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To kick-start the new Molecular and Materials Design (MMD) Technology hub, nine research projects were chosen to receive MMD grants. The proposed research projects focus on molecular and material design, creating impact in the Faculty of Science themes Health and Green.
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The new Molecular and Materials Design (MMD) Technology hub will become a community of scientists and partners that conduct high-tech research in molecules and materials design. The goal is to have potential strong impact on current societal challenges in health care, the energy transition, circularity, or mitigating climate change. 

To establish and strengthen MMD-related research, nine projects were chosen to receive grants from 50-150 k€ each. The topics of these projects are related to MMD and aim to make an impact in the Faculty of Science themes Health or Green.  

The MMD research projects


  • Enabling growth-adaptive eXpansion of vascular grafts with PAtieNt-specific auxetic material Design (EXPAND), Dr. Gábor Závodszky and Dr. Corentin Coulais 
    Patients with pediatric implants typically have years of somatic growth ahead of them after treatment, which can lead to severe adverse effects. The project aims to develop a method for designing vascular grafts that can adapt to patient-specific somatic growth from childhood to adulthood. For this, they use the unique properties of auxetic materials. 
  • Digital development of drug nanocarriers for Alzheimer’s disease, Dr. ir. Ioana Ilie, Prof. dr. Joost Reek and Dr. Carlos Fitzsimons
    The development of medicine for Alzheimer's disease is hampered due to the blood-brain barrier. Nanocarriers can be used to get across the barrier, but understanding their properties is challenging. The goal of the project is to create a digital platform for developing drug- and RNA-loaded nanocages targeting Alzheimer's disease. To achieve this, they combine in-vivo experiments with an AI-powered feedback loop.
  • Predicting and designing olfactory molecules, Prof. dr. Astrid Groot, Prof. dr. Jo Ellis-Monaghan, Dr. Patrick Forré, and Dr. Saer Samanipour 
    Olfactory interactions are central to countless applications in health and the environment, such as pest control. However, researchers can't classify the stimuli of oders into a single physical parameter. The project aims to discover predictive patterns odors leading to controllable olfactory molecule design.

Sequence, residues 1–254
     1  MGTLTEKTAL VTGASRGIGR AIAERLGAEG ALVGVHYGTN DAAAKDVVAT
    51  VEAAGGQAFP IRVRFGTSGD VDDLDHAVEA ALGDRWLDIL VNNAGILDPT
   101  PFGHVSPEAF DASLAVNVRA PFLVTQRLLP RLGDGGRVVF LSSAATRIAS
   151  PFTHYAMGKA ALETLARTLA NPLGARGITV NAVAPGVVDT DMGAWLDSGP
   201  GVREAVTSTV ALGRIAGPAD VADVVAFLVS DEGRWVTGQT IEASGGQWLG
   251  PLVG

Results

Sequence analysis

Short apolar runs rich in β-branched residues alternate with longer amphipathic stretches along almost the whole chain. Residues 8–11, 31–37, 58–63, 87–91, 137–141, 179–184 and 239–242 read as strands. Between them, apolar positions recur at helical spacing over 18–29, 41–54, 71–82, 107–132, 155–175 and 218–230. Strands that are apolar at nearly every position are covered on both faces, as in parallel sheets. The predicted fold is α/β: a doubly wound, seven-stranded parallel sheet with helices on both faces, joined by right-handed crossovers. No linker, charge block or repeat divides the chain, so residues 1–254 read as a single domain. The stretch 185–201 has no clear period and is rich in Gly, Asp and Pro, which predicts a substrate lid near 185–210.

• MAP-RoboBioConjugator: Molecular Analytics Platform for the Robotic BioConjugation chemistry self-optimization processes, Prof. dr. ing. Timothy Noël, Dr. Andrea Gargano, and Dr. Bob Pirok 
    Peptide and protein-based therapeutics have revolutionized the way we combat diseases. Their activity can be improved using flow chemistry and robotic solutions. However, current analysis methods often take hours per sample with manual data reporting. This project aims to develop a robotic platform to speed up this fine-tuning process to facilitate the discovery of novel therapies.
  • MMD Theoretical and Technical Supports Workshops, Prof. dr. Jo Ellis-Monaghan, Prof. dr. Peter Bolhuis, and Dr. Alessandra Candian 
    The project aims to bring first-hand expertise from researchers who develop MMD theory and tools directly to UvA laboratories developing novel molecules and materials. They will do this through thematic workshops with at least one theoretician and one computation/software expert.
  • Metamaterials designed by AI for safe electric vehicles, Dr. Corentin Coulais and Dr. Jan-Willem van de Meent
    To reduce the enormous footprint of steel production, its usage can be optimized in various applications by using mechanical metamaterials. However, the design cycle of these metamaterials is time-consuming. This project aims to develop deep learning methods to accelerate the computational design of metamaterials, enabling new technology for sustainable steel. They will focus on protective casing for car batteries.
  • Towards a novel therapeutic approach for Parkinson’s disease: Boosting dopamine production and neuronal survival by activating the Gucy2c receptor, Dr. Lars van der Heide, Prof. dr. Dorus Gadella, Dr. ir. Ioana Ilie, and Prof. dr. Peter Vivian Coveney 
    Doctors usually treat Parkinson’s disease patients with levodopa, which causes side-effects and loses its effectiveness over time. Recently, researchers discovered that targeting the Gucy2c receptor would theoretically have no side-effects and prevent further neurodegeneration. The project aims to develop a ligand targeting Gucy2c by combining rational design with a computational active learning workflow and experimental work.
  • Optimizing Porous Thin Films for Enhanced Charge Transfer in Solar Energy Conversion Applications, Dr. Sonja Pullen, Dr. Emilia Olsson, and Dr. Bettina Baumgartner
    Solar energy could be used for H2 production and CO2 conversion, but the conversion materials currently have low efficiency. Metal-organic frameworks (MOFs) could overcome these limitations, but their synthesis strategies are often irreproducible. The project aims to develop a theoretical framework which they can use to identify optimal MOF structures and develop automated workflows for their synthesis.
  • Geometric deep learning for late-stage drug discovery, Dr. ir. Bernd Ensing, Dr. Tati Fernández Ibáñez, and Prof. dr. Jaap van Buul
    Endothelial cell dysfunction is a key factor in cardiovascular diseases, but there are currently no specific medications approved for treatment. An efficient but also challenging approach to optimize drug candidates is to improve their properties by changing chemical groups. The aim of this project is to further develop the latest geometric learning technologies, which can help to predict possibilities to improve properties of drugs.